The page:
“I think that really helped me become comfortable upside down on the pole,” Dragila said. “It just gave me a lot of upper-body strength that I didn’t have.”
Nowadays, gymnastics are an integral part of Dragila’s weekly workout routine — doing handstands and the use of high bars, rings, etc. all help her maintain her strength. Usually, Mondays and Wednesdays are “jump days,” with the focus being pole vaulting. Tuesdays are her “multi-event days,” when she incorporates long jumps and hurdles into her workout. Thursdays are generally reserved for jogging, stretching and going to a gymnastics club.
Dragila is considered America’s fastest female pole vaulter, and as she dashes down the runway, you notice her graceful, explosive stride.
Speed helps, she said, but it’s not the most important thing.
“It’s not necessarily about being fast,” Dragila explained. “It’s about being consistent, and being able to maintain that speed. If you’re just fast and you can’t put up a jump, it’s like (sprinter) Marion Jones — she struggles so hard with the long jump. She’s so fast, but if she can’t set up a jump, she’s really going to struggle in the long jump.”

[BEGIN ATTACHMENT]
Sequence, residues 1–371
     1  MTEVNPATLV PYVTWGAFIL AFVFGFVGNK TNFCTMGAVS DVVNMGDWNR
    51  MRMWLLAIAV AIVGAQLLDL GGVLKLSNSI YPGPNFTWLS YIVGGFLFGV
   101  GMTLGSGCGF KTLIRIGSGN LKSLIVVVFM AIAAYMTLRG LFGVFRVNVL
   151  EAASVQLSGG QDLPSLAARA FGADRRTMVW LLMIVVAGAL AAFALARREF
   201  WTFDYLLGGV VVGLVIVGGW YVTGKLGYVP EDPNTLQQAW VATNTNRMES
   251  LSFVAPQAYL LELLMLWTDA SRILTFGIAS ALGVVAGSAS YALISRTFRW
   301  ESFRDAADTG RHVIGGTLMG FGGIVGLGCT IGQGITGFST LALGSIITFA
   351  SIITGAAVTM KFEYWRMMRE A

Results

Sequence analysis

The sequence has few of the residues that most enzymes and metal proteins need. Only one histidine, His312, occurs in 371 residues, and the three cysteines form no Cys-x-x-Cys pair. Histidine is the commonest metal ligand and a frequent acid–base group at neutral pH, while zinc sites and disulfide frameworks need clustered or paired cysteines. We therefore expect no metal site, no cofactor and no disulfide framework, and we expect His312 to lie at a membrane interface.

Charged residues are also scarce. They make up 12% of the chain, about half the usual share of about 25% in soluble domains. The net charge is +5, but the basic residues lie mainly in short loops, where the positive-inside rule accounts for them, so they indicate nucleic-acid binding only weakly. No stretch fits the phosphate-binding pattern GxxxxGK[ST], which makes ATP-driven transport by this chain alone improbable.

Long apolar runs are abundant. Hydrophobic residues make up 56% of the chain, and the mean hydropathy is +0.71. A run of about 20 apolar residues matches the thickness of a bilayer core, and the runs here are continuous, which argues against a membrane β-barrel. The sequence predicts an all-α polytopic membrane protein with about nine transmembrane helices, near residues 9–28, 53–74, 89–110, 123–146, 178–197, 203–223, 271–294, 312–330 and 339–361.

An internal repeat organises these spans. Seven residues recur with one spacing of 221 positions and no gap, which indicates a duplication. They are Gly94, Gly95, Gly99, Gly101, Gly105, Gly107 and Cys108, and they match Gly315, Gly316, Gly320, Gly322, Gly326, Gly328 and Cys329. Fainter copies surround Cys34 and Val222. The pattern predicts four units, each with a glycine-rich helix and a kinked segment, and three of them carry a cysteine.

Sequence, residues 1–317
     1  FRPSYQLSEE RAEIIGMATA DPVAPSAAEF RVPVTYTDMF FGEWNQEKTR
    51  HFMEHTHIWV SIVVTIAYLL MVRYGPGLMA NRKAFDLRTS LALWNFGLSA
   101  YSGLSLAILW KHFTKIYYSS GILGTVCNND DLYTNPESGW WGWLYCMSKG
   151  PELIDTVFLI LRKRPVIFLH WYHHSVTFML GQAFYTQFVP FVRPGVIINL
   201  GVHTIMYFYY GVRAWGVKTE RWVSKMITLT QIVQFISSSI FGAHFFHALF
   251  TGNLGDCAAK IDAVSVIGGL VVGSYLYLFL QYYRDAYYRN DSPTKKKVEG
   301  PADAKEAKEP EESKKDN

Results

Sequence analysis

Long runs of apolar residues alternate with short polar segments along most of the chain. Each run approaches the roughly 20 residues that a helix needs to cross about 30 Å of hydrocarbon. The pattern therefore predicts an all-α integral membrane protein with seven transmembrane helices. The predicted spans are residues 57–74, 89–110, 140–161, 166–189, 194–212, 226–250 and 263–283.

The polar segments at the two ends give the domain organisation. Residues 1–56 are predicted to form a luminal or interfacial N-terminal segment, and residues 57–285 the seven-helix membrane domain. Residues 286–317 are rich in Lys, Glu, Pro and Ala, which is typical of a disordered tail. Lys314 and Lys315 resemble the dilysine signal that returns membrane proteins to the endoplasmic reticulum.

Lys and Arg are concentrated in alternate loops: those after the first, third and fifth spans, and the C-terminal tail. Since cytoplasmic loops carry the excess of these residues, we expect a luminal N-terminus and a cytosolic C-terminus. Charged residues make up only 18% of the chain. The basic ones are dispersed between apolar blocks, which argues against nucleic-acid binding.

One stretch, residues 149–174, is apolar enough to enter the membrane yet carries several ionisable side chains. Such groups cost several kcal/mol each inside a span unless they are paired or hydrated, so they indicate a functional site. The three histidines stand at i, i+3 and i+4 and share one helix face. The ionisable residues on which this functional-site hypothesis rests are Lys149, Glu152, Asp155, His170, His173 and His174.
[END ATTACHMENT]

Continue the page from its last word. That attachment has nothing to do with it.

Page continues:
Over the next several months, Dragila will work on fine-tuning her technique in preparation for the 2004 Summer Olympics in Athens. Up next for her is the Boise Invitational on Saturday, followed by the Boston Indoor Games Jan. 31. Then it’s the prestigious Millrose Games Feb. 6 in New York City.
Last year, Dragila hired a new coach, Greg Hull, who also instructs Arizona native and reigning men’s Olympic gold medalist Nick Hysong. She said the change will be beneficial in the long run.
“I just have to be patient and I know that the heights will come,” Dragila said. “I’m really excited. I’m healthy. I’m putting my technique together.
“I think it’s really going to help me get to the next heights that I want to see,” she added. “I think we’d like to start off with 16 feet, and then anything after that is always a special place to go. The ultimate goal is 17 feet out there for me. I’ll just keep chipping away at it, it’s like climbing a mountain.”
Though Dragila didn’t start pole vaulting until she was 23, she hasn’t wasted any time securing her place in the annals of American sports history.
Even so, Dragila dismissed the notion that she’s a pioneer.
“I think when I retire I’ll recognize the things I’ve done for the sport or the things that I’ve accomplished,” she said. “But right now, like anybody else who has goals, my focus is this: to work on my technique, make it back to the Olympics and go for another gold medal. And after that, maybe I’ll sit down and go, ‘Wow, it’s been a long time. What have I accomplished?’ It’s been fun but I try not to think about those things.”
There’s plenty of time for Dragila’s contemporaries to ponder such thoughts.
Just ask April Steiner, who trains with Dragila in Paradise Valley.
“She’s a great ambassador for our sport. Everybody loves her,” said Steiner, a Mesa native. “She just never stops. She’s always pushing it. The girls have been chasing her for the last five years; it’s always out of reach. We just can’t get her.”